This video has 3 of my favorite things: quiet-street connectivity, wayfinding signs and cyclists riding comfortably in the middle of the lane.
In my years of riding around town, I’ve encountered 2 primary problems for slow-street bicycling in Orlando and Winter Park. One is the damned bricks. The other is you need a GPS to navigate because there is no consistent grid. The upside of the lack of continuous parallel streets is the reduction of cut-thru traffic. If you are a good navigator, you can enjoy a lot of nearly car-free space on some of these streets. And you can make your way from one end of town to the other. There’s also an incentive to gain confidence to venture onto more direct routes.
I have nothing nice to say about the bricks.
I’m not a fan of traffic calming infrastructure. I believe sane speed should be governed by a sense of RESPECT for others (culture change). In the meantime, relentless law enforcement would do the trick (there’s a reason motorists don’t speed through school zones). I’m biased against traffic furniture by some really awful stuff I’ve seen around here.
That said, some of the Berkeley traffic calming approaches look interesting. We’ve been seeing more traffic circles here, they are a nice alternative to stop signs.
I really like the route signs (with mileage to destinations) and the huge bike stencils. Even on a smaller scale, the Sound Loop wayfinding system in Gulf Breeze clearly encourages and facilitates cycling. Those roads had no shoulders, sidewalks, bike lanes or wide lanes, but there were cyclists of all levels with all different types of bikes using the roads. That’s mentioned in the video as well: many of the streets didn’t change much physically, they just now had the signs and stencils to give cyclists a feeling of being welcome and expected in the lane.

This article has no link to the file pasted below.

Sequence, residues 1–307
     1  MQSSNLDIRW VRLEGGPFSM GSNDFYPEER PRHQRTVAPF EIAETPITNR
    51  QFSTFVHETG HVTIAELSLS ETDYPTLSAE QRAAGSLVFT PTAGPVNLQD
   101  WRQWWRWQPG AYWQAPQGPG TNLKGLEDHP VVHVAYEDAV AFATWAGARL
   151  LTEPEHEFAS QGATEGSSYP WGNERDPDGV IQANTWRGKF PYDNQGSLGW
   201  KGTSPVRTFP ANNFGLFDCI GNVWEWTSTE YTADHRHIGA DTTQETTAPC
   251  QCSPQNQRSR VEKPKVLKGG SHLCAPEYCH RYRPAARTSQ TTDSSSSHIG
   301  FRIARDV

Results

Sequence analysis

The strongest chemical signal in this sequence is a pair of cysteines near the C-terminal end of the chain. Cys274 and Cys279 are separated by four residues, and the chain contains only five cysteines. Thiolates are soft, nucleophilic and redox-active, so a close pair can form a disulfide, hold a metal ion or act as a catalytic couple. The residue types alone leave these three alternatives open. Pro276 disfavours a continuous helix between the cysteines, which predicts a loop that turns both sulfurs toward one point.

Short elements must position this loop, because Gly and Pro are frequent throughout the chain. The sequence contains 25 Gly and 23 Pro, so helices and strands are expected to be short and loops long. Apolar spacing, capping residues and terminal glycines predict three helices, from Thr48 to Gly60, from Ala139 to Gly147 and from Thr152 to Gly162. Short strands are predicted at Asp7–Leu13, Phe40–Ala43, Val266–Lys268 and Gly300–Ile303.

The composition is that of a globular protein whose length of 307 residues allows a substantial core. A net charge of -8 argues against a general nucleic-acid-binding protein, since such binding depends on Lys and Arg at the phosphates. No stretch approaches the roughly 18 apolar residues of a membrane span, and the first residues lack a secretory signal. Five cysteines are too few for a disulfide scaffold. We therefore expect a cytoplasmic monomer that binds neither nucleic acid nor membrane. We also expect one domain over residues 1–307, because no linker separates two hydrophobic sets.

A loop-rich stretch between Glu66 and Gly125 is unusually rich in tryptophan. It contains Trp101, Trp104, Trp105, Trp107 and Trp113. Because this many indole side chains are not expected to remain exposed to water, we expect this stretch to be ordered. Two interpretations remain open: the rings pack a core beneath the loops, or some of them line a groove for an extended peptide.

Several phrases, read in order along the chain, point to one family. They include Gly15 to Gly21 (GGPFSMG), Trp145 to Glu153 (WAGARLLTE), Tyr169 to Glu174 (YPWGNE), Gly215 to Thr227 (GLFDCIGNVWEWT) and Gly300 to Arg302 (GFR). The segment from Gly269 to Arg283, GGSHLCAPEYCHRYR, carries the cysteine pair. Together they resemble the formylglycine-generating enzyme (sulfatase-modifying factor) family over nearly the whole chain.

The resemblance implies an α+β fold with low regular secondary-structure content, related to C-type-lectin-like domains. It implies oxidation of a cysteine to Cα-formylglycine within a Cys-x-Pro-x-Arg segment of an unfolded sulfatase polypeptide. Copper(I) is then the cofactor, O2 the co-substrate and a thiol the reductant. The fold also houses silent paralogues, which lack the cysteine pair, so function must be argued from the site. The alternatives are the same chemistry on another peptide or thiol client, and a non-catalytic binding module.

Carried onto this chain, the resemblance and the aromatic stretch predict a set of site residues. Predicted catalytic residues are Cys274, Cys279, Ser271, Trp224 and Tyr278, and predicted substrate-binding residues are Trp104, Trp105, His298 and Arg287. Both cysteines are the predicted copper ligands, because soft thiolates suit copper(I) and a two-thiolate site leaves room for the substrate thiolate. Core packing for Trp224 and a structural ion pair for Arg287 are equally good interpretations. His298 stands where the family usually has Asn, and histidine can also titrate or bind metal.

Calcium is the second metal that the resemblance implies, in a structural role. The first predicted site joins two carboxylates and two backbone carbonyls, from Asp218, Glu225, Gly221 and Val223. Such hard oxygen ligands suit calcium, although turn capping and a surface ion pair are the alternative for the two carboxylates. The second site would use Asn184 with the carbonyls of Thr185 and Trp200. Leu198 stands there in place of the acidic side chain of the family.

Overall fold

No system should detract from promoting the understanding that cycling is possible, safe and legal on all surface streets—regardless of speed, volume and number of lanes. A system that creates a quiet, friendly roadway network for casual cyclists, kids and novices using integrated cycling is a step forward to creating a culture where bicycles are expected as a normal part of traffic. It’s good for the neighborhood residents, the whole community, children, cyclists and pedestrians alike.
- What did you see in the video that you like? Don’t like?
- Would it help you or people you know be more comfortable on the road?
- Are there unintended consequences?
- Does Orlando have suitable roads to implement this type of system?
- Other thoughts…?